By any accepted standard, I am ill-qualified to discuss socio-economic issues. I am a married, heterosexual, educated white female born to educated, upper-middle class WASP parents. My doctorate isn’t even in a social science. Yet, I will submit that one factor alone qualifies me to hold forth on the human condition, to discuss issues of race, of discrimination, of equality — I am human.
Discussions of social issues have begun to resemble junior high school dances. Each side lines uncomfortably along the wall, looking anxiously at the other, focusing on the otherness. Occasionally interaction occurs; heckling by the bullies or awkward flirtation. We each bob uncertainly to our own rhythms, unable to hear the common beat through the walls of self-consciousness. Unable to bear our discomfort, we retreat to our separate corners — us vs. them.
Here’s the problem — we are all standing in the same room. There is no us; no two people standing along that wall have the same thoughts, the same experiences. There is no them; we all bleed when pricked, cry when hurt. Generalizations are the refuge of the terrified and ignorant.
Humans are animals, programmed to fear the “other,” the unknown, the unfamiliar. From a food-chain standpoint, this makes sense. An unfamiliar animal may be a danger. Members of the herd that look “different” may act as visual cues for predators. In horse herds, flamboyantly colored horses such as grays, paints, and palominos tend to be ostracized by the more common-coated animals. Light-coated horses tend to roll more than darker ones as well, presumably using dirt as camouflage. If you are likely to be eaten, this behavior makes sense. A distinctively patterned animal is easier to pick from a moving herd — the animal kingdom’s equivalent of a blue plate special. Humans, however, are not horses.
We have a highly developed fore-brain that controls thought and reasoning. We possess the capability to override hind-brain impulses, to make choices based on reasoning, empathy, and compassion. We can do better. Prejudice, fear of that which is different, may be ingrained in each of us, but so is the capability of reaching beyond that fear.
God is in the details. — attributed to Mies van der Rohe
The key to overcoming intolerance hides, with God, in the details. Sweeping generalities accomplish nothing. To paint the portrait of humanity, we need detail brushes, not rollers. Humanity is a collective of individuals. To overcome our tendency toward social cruelty, we need to put faces to the issues, to see the souls behind the labels.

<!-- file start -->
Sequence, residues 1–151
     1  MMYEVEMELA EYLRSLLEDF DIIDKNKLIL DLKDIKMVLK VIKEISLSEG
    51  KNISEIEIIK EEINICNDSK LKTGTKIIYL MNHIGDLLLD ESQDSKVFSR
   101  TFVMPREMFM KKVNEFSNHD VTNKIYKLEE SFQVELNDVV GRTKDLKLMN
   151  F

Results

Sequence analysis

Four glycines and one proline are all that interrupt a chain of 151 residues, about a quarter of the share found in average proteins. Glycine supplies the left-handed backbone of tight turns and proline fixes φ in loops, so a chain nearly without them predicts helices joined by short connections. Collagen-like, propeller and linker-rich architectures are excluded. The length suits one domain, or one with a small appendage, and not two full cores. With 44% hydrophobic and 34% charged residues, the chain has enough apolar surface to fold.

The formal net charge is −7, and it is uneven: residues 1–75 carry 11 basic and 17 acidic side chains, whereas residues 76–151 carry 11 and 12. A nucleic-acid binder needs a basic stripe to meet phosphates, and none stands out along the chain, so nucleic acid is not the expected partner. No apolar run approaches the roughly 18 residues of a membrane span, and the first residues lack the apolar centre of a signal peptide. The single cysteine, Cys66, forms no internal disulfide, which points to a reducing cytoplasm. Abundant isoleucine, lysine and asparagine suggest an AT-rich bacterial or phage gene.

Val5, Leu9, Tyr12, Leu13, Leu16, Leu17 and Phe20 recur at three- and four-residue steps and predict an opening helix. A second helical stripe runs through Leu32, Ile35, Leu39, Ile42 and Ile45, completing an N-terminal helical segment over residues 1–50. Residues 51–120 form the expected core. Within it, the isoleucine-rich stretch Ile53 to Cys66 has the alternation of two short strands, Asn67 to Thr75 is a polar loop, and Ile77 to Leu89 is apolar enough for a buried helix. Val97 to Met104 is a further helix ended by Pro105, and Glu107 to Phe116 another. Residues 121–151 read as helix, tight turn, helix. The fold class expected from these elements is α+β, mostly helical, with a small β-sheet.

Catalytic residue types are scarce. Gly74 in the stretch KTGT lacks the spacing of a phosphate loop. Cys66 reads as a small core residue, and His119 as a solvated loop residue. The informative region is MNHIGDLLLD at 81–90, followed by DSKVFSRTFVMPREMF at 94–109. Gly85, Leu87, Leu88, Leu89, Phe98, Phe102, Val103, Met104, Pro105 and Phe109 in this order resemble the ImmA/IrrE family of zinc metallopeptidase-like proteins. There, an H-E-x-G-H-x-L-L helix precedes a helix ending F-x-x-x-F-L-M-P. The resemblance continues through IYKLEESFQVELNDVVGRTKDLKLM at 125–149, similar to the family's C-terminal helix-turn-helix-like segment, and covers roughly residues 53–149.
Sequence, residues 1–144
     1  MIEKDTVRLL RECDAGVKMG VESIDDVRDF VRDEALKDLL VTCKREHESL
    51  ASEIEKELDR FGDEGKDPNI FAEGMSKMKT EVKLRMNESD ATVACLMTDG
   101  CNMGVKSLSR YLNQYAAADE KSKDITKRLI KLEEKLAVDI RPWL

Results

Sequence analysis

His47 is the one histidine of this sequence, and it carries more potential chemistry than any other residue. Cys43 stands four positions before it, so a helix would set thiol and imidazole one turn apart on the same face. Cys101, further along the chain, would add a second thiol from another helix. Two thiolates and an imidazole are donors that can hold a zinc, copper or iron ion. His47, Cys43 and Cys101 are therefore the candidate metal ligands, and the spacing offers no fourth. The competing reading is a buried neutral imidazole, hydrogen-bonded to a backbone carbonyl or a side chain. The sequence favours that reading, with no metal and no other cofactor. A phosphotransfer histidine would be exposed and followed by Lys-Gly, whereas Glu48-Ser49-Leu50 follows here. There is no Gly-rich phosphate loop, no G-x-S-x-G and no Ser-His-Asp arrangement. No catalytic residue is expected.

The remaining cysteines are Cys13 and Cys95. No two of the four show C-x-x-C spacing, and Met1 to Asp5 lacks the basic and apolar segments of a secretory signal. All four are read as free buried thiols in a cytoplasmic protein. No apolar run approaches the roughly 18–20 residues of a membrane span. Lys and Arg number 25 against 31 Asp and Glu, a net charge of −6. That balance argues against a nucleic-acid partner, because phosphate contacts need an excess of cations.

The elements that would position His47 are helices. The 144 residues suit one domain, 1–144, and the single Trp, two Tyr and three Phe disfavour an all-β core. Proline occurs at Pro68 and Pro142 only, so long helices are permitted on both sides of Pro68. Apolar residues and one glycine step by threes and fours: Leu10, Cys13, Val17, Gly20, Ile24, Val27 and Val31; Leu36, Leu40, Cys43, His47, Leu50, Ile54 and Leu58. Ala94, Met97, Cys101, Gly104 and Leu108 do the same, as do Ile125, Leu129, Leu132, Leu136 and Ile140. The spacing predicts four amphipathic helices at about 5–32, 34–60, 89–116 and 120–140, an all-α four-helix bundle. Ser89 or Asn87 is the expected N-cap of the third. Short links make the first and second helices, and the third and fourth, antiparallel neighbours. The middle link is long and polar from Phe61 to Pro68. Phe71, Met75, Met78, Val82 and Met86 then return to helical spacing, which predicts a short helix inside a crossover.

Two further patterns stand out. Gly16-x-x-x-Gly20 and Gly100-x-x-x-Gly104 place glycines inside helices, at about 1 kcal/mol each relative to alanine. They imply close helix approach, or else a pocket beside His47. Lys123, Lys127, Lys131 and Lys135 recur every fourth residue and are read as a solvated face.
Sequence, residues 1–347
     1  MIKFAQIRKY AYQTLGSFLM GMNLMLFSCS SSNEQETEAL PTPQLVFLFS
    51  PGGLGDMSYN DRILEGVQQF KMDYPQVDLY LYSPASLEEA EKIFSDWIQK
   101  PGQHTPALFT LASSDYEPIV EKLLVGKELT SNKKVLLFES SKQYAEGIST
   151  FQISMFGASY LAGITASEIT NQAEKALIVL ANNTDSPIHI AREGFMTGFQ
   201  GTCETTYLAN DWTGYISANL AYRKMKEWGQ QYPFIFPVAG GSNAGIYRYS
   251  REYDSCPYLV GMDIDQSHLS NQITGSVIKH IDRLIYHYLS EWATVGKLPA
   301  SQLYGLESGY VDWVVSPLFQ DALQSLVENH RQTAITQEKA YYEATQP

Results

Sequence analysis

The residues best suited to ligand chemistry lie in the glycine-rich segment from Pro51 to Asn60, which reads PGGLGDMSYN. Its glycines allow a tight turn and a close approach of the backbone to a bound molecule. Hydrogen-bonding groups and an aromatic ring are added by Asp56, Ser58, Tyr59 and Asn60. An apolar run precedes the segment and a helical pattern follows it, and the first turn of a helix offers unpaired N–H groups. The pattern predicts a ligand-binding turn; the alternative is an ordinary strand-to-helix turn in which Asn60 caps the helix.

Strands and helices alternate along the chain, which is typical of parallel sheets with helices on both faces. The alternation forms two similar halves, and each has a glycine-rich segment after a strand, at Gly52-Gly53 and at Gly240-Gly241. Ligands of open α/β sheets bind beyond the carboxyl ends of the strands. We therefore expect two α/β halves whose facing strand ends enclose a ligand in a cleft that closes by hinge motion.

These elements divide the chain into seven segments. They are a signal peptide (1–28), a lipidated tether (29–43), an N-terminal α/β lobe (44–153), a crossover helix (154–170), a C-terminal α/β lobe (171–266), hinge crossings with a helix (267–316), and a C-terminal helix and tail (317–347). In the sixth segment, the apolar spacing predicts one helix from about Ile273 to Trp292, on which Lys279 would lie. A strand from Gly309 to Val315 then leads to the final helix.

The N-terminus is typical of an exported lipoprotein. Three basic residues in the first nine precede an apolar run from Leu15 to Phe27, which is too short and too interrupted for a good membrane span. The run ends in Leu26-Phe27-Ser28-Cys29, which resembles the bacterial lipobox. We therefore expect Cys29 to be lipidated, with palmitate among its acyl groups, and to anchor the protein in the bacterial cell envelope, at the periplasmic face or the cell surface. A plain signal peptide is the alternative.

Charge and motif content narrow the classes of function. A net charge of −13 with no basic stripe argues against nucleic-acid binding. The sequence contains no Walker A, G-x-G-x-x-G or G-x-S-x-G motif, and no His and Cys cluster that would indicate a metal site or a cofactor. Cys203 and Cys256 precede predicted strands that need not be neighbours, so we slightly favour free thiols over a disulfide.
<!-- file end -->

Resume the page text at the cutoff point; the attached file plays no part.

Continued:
Illegal immigration has once again become the “us vs. them” poster child — this time the specter has been raised in the health care debate. Regardless of political opinions regarding government involvement in health care, the notion of excluding ANY group from medical care presents a grave danger to the collective. Disease does not discriminate — flu, tuberculosis, HIV, staphylococcus — none of these agents give a damn about citizenship. Public health is a collective problem. If one segment of society, ANY segment of society, is denied health care or is discouraged from seeking care, the risk increases to the entire population.
But, back to the faces: I was raised, work, and now raise my children in the Central Valley of California. This is an agriculturally dependent economy, and agriculture lives or dies by immigrant labor. Legal or illegal, it makes no difference. I do veterinary work for a ranch where, rumor had it, the herdsman had documentation problems and was deported back to Mexico. The duration of his fortunately temporary absence adversely affected the running of the ranch and much of the society in the area. He is the unofficial translator for many of the Hispanic workers in the area, well known for miles. The sense of relief, of ease, brought about by his return was palpable. His is a face that I see in this debate.
Last November, California passed Proposition 8, effectively banning gay marriage. One of the arguments used by the “Yes on 8” crowd was that they did not want their children exposed to the notion of homosexual marriage. Strangely, they didn’t seem to have a problem using their children to hold signs on street corners. My children have several friends and classmates with two mothers. These families share many of the same struggles and triumphs as my family. We commiserate on schoolwork, on our relationships, on our inability to stop volunteering for school activities. Whenever I see remnant signs referencing Proposition 8, theirs are the faces I see.
My husband’s Japanese-American grandmother was interned along with the rest of her family in Missouri during World War II. Her husband was in the U.S. Army. When the notion of detention without charges in support of national security is raised, hers is the face that I see.
I have three children. The oldest has brown hair, olive skin, and hazel eyes; the middle child has red hair, impossibly fair skin with freckles, and blue eyes; the youngest has dark blonde hair, light olive skin, and green eyes. All three share the same heritage: Japanese, English, Scottish, Welsh, German, French, Norwegian, and Cherokee. When I hear people make racial generalizations based on appearance, theirs are the faces I see.
We live in a world of individuals, not of issues. None of us can ever completely understand the motivations, needs, desires, or fears of others. To generalize by culture, by skin color, by sexuality, by politics, by gender, by religion, to try to jam people into narrowly labeled boxes dehumanizes us all.